Transport for London (TfL) delayed nearly half a billion pounds in capital spending during its latest financial year, while its debts climbed past £11bn.
Borrowing, which is one of TfL's core funding streams, increased by £728m over the year to a total of £11.2bn, according to TfL board papers filed today.
Last year a London Assembly investigation found that TfL's debt is expected to hit over £13bn by 2022-23, which it said was "worrying".
TfL's director of planning, Alex Williams, admitted yesterday that TfL had "maxed out" its borrowing and said it would need to seek Treasury approval if it wanted to take out more. "There is no more we can do on that front," he said.
Read more: These are all of London's delayed transport projects
Meanwhile, capital renewals and new investment were £455m lower than budget in 2018-19, with the majority of this – £433m – "reprofiled" into future years for projects such as the Northern line extension, the upgrade of Circle, District, Hammersmith & City and Metropolitan lines and station upgrades.
TfL has struggled to carry out these improvements within their original timeframe because of an array of pressures placed on its finances by the Crossrail delay, Sadiq Khan's fare freeze and a £700m a year reduction in the government grant.
The Northern line extension, which will lengthen the Northern line to Battersea, was scheduled to open next year but is now expected to open in September 2021. Station upgrades at Camden and Holborn have also been shelved by TfL unless it receives more government funding. Meanwhile, projects such as the Bakerloo line extension remain a distant ambition.
Gareth Bacon, the Conservatives' leader in the London Assembly and the chair of its budget and performance committee, said: “It is now clear that Sadiq Khan has maxed-out TfL’s corporate credit card, meaning that he is no longer able to borrow in order to invest in new transport infrastructure upgrades. This dire financial situation is made even worse by the fact that the GLA are having to pay for the debt which has resulted from the unacceptable delays to Crossrail.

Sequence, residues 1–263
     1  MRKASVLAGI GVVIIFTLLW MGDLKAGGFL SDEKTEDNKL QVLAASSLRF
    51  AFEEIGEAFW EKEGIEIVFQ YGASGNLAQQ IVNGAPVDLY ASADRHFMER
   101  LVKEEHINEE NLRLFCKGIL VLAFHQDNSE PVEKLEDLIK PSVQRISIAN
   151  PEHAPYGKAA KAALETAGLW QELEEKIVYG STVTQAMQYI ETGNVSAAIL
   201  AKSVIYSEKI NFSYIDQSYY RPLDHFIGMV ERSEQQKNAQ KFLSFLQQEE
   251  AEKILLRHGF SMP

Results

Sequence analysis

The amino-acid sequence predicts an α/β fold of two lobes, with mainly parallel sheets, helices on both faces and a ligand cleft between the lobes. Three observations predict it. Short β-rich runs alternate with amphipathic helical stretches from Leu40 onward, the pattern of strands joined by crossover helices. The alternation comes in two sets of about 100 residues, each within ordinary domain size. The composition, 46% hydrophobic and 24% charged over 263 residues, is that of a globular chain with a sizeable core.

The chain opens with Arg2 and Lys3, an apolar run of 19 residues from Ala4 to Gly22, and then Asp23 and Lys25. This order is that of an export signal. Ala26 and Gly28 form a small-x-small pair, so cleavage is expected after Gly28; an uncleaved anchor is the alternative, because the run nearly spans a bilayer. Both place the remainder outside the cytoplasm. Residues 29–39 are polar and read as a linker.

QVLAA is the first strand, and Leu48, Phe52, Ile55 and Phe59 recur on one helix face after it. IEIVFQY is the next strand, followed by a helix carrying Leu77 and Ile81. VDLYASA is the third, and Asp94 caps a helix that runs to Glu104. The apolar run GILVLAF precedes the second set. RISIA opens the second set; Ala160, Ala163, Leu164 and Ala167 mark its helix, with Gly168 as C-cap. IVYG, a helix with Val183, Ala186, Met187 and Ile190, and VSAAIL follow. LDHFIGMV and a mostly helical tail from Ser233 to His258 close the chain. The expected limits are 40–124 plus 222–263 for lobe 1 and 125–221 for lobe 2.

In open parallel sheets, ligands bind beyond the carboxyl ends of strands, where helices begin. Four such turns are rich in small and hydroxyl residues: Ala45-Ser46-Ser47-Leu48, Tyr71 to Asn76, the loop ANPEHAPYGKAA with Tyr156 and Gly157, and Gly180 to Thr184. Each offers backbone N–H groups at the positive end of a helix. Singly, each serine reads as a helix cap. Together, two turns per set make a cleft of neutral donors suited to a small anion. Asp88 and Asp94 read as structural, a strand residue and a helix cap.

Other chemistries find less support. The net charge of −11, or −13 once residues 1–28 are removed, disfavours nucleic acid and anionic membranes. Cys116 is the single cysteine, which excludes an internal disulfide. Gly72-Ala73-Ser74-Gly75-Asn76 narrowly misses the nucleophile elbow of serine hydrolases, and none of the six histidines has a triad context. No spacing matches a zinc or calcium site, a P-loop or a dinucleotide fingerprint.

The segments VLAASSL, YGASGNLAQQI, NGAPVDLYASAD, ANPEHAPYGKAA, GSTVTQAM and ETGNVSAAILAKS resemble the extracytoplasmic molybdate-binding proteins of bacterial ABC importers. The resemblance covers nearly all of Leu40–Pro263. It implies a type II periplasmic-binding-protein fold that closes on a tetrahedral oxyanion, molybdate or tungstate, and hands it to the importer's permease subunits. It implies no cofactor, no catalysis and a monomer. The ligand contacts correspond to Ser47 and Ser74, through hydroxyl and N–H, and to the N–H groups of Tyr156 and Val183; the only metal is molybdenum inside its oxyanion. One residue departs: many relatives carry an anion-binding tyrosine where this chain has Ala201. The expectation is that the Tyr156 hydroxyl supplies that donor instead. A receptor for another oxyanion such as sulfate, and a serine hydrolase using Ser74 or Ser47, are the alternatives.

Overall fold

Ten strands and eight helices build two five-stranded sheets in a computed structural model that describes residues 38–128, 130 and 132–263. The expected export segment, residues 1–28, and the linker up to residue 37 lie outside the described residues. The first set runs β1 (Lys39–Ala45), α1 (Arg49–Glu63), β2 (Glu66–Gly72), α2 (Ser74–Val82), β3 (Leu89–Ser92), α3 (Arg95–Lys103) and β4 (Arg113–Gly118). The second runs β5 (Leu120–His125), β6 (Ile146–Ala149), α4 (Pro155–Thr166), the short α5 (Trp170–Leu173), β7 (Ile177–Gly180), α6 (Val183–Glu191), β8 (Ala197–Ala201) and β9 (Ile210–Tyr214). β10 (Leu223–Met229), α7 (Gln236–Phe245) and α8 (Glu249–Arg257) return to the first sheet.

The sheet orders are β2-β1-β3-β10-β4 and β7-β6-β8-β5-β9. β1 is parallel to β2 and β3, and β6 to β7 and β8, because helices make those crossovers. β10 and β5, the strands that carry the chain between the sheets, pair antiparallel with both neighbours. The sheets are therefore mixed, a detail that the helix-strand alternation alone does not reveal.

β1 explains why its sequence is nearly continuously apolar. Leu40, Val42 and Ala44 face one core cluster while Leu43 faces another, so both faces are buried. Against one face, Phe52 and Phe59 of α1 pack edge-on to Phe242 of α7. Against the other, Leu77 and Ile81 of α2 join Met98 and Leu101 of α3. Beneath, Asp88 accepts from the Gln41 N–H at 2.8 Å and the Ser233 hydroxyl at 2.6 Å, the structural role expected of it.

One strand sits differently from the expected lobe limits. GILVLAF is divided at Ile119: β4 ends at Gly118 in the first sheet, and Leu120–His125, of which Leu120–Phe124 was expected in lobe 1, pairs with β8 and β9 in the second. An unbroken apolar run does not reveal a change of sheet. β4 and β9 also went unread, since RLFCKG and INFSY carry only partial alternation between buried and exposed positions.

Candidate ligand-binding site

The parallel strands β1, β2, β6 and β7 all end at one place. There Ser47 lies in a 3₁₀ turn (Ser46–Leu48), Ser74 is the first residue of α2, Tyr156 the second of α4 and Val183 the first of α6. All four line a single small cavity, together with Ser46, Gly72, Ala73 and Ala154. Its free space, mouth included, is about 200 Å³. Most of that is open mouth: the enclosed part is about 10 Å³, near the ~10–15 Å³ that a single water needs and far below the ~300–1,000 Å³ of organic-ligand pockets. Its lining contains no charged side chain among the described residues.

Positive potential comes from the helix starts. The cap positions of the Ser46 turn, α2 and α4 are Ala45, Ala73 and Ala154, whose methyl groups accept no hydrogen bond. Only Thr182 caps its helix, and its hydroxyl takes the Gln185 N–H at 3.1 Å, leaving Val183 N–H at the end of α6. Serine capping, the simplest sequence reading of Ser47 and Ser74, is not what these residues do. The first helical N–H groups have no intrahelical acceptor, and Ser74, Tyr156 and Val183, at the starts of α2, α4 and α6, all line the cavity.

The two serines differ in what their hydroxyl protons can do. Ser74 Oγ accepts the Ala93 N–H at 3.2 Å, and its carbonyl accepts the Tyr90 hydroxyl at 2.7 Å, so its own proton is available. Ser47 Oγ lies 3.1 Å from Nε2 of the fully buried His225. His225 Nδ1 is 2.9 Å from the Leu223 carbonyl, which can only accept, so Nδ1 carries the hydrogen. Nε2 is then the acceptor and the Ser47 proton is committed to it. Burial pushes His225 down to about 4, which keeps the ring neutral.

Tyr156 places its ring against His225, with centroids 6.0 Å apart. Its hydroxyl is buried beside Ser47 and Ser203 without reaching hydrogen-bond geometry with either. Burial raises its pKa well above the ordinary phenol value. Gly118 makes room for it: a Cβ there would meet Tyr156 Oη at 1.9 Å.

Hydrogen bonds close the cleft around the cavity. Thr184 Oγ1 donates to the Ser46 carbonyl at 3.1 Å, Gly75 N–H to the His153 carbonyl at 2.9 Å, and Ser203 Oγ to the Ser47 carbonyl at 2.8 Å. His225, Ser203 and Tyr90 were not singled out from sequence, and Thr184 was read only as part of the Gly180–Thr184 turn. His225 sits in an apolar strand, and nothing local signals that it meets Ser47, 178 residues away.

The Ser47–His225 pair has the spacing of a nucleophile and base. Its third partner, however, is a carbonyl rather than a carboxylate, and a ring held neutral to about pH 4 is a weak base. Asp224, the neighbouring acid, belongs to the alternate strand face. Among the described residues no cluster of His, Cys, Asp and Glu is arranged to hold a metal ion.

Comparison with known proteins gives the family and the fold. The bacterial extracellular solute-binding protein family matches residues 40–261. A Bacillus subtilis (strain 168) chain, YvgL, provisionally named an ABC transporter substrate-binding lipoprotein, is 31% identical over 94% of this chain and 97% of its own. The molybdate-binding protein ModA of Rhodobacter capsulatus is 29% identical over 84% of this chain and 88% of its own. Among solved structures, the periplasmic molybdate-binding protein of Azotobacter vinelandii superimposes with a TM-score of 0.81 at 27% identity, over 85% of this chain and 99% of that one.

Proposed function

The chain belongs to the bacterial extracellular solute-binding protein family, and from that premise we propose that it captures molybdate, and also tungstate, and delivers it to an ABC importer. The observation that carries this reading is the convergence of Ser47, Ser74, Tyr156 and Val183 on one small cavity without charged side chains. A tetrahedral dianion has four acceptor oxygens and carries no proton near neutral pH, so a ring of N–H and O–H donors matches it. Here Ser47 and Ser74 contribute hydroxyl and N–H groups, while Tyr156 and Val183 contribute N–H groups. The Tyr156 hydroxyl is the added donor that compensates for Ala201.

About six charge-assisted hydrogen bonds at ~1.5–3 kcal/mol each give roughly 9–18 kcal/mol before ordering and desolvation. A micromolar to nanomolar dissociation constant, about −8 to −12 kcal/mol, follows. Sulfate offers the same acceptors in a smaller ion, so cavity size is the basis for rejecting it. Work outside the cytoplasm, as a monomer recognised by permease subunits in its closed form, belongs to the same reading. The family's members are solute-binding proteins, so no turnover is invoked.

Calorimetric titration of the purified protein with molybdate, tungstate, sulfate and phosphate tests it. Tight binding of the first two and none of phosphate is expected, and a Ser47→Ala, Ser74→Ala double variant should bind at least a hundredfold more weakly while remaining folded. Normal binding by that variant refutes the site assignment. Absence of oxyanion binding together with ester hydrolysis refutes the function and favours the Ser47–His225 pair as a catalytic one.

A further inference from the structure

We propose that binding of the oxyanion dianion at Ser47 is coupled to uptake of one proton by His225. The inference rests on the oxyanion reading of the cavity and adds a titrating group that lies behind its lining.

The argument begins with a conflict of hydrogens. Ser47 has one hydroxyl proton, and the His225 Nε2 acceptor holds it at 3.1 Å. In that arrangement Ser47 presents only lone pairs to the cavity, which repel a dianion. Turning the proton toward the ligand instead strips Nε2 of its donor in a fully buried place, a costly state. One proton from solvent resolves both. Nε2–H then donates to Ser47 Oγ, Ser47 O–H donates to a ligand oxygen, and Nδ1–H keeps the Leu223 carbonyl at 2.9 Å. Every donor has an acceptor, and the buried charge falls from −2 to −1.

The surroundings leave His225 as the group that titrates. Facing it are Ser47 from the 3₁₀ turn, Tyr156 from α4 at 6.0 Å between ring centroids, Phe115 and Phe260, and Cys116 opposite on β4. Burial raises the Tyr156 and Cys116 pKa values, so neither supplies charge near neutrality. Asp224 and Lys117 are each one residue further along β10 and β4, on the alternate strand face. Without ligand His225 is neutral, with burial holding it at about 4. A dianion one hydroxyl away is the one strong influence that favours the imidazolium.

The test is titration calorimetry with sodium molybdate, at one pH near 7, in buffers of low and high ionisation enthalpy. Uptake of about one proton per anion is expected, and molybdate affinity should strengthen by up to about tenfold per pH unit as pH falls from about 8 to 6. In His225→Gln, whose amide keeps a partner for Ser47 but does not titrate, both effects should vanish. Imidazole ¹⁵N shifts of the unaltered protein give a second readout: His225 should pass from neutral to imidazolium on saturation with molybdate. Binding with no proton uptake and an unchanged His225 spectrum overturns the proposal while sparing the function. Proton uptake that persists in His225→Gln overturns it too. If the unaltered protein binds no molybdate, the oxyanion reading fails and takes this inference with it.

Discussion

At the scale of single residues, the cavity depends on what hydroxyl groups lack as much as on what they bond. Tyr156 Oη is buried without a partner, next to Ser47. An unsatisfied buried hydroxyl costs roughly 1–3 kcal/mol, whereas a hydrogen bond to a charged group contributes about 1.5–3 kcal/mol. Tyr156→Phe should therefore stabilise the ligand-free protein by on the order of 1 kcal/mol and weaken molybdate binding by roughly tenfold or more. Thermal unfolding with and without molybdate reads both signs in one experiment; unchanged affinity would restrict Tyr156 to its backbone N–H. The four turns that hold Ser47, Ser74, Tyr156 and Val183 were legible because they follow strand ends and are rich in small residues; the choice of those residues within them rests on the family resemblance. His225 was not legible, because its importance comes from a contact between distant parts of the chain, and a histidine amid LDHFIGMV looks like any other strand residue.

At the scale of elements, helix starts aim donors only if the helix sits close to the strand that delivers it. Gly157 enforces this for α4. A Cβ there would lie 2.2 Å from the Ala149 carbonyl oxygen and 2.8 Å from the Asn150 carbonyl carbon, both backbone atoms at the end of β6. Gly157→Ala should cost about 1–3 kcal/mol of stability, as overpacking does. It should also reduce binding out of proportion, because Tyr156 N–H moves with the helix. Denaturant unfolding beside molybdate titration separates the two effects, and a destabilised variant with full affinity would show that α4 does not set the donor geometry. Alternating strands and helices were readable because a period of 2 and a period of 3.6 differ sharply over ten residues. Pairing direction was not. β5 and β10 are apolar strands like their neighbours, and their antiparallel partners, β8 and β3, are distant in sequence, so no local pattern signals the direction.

“Despite the restrictions on the level of investment, TfL consistently appear not to use the entirety of their capital expenditure budget. Londoners will rightly ask why TfL isn’t using the money available to them at a time when we desperately need to upgrade our transport network.
“These worrying figures serve to underline the terrible state of TfL’s finances. By pursuing a number of financially illiterate policies – such as a partial fares freeze – this mayor has blown a black hole in the budget, and Londoners are being deprived of much-needed infrastructure improvements as a result."
Caroline Pidgeon, deputy chair of the London Assembly's transport committee, said: “Borrowing to help finance capital expenditure that in turn generates new sources of fare income has real merit, but the increased levels of borrowing by TfL are simply not delivering that, with signalling work on the Piccadilly line postponed and the Northern line extension delayed.
Simon Kilonback, chief finance officer at TfL, said: “In a very challenging financial climate, we once again reduced operating costs across the year and halved the operating deficit to remain on course for a surplus by 2022/23.”
He added: “Great progress was made on huge projects such as the Northern line extension to Battersea, rebuilding Bank station and upgrading the Circle, District, Hammersmith & City & Metropolitan lines.”